How to Use Travel Time Effectively

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How to Use Travel Time Effectively

Most of us associate travel and time with what we’re going to do one we get to our destination. Planning and mapping out what to do once you arrive can certainly make for a more pleasurable vacation, but there are things you can do while you are on your way that can make it even better.

Sure, you can plan for the things you’re going to do on your vacation while you are travelling en route – but what about making use of that time for other things that you don’t usually do when you’re at home? You don’t need to have your gadgets with you to do it, and you can really connect with yourself if you take the time to manage your life while heading towards your vacation destination.

Here are some great tips to help you with your time management while you travel, some of which are more conventional than others. Nonetheless, you can find out what works best for you and apply them accordingly depending on when and how you are travelling.

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1. Take Your Time Getting There

As I write this, I’m on a flight to San Francisco. Flying is the fastest way to get from place to place, and for many people it’s really the only way to travel.

But I’ve often taken the train or ferry on trips so that I have extra time without distraction to get more done. I’m not worrying about navigation or lack of space to do what I want to do. Instead I’m able to focus on getting stuff done during the time I’ve got without feeling rushed. For example, when I took the train from Vancouver to Portland, it was an eight hour trip and I managed to get a ton of writing done and closed a lot of open loops. It also was less expensive than flying, which was a bonus.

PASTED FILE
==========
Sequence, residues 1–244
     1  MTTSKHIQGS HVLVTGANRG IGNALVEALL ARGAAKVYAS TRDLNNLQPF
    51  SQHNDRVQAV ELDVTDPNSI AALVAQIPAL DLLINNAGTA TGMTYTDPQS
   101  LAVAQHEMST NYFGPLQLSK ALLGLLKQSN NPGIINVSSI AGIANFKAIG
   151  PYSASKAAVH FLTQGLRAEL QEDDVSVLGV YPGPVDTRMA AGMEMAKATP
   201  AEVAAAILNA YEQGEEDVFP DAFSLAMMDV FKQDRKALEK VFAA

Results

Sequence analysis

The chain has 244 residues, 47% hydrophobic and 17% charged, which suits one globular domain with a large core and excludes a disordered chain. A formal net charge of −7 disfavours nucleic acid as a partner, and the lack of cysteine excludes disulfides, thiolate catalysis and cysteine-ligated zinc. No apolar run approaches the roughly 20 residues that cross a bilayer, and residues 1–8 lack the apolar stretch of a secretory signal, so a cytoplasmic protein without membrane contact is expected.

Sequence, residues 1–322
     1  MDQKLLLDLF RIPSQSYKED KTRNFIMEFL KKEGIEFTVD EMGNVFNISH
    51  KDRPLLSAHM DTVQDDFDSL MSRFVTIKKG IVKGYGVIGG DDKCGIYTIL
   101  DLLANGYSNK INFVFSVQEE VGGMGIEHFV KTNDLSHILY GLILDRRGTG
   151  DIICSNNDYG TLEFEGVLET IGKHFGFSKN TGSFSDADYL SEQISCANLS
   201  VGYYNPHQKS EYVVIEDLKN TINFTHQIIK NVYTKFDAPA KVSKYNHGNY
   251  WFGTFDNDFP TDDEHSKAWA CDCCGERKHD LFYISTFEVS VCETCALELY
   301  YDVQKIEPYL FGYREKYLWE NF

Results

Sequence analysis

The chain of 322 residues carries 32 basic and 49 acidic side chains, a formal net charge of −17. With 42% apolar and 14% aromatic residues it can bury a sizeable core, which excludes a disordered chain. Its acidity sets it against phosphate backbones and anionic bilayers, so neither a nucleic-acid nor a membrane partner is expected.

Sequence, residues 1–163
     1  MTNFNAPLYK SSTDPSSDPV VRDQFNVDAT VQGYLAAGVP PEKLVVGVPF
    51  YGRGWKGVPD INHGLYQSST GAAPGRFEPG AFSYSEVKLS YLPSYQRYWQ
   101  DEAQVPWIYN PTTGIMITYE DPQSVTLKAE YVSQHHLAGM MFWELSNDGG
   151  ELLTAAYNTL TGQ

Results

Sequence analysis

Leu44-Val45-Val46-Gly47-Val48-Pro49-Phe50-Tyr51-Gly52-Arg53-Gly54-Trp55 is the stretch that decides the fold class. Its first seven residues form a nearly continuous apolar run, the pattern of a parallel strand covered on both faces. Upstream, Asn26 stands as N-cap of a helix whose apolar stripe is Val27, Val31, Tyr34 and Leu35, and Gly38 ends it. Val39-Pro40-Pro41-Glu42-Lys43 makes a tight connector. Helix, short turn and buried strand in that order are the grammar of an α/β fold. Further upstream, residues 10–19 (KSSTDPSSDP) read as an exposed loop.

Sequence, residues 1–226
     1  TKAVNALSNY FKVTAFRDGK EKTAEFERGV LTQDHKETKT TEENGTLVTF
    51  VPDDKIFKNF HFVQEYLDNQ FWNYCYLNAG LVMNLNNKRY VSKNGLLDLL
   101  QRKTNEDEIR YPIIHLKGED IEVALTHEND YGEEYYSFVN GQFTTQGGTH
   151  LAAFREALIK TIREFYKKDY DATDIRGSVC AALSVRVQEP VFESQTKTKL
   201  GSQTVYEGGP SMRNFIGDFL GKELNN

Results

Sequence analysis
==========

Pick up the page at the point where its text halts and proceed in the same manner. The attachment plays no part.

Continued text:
Sometimes taking the long way to get somewhere on vacation can be the best thing for you to get somewhere with your life.

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2. Go Gadget-Free

This is going to be a tough one for a lot of you. But why do you need to bring your gadgets with you when you go on vacation? It isn’t be a bad idea to leave all but one of them behind, and only pull out that one when you absolutely need to do so. In some countries, you’d be wise to be discreet with them anyway since flaunting them in front of those that are less fortunate than you isn’t a good practice. While it may not seem like flaunting to you, in different cultures it can definitely come across that way.

If you can’t go gadget-free, then at least go Internet-free. If you use a task management app that requires syncing across your multiple devices to be effective, remember that if you only have the one device with you then it can be the “master device” for the time being and will store your data locally anyway. Just sync up when you get home.

3. Reflect and Prepare

Finally, going on any sort of excursion gives you the perfect opportunity to reflect on where you’ve been. The fact you have removed yourself from where you usually are can give you a perspective that you simply can’t get when you’re at home. You may want to journal your thoughts during this time – and by taking more time to get to your destination you’ll have more time to dig deeper into it.

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After a period of reflection – however long that happens to be – you can then begin to not only prepare for the rest of your travels, you can prepare for the rest of what happens afterward. The reflection period is important, though. You need to really know where you’ve been in order to properly look at where you want to be. Time away from things gives you that chance.

Conclusion

Traveling isn’t always about where you’re going and how quickly you can get there. In fact, it’s rarely about that at all.

More often it’s where you’re at in your head that will dictate how much you benefit from traveling. So don’t just go somewhere fast. Instead, take your time on the way there and take the time to connect with not only where you are but who are while you’re there.

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If you do that, you’ll have a better chance to be who you want to be when you leave.

Featured photo credit: bruce mars via unsplash.com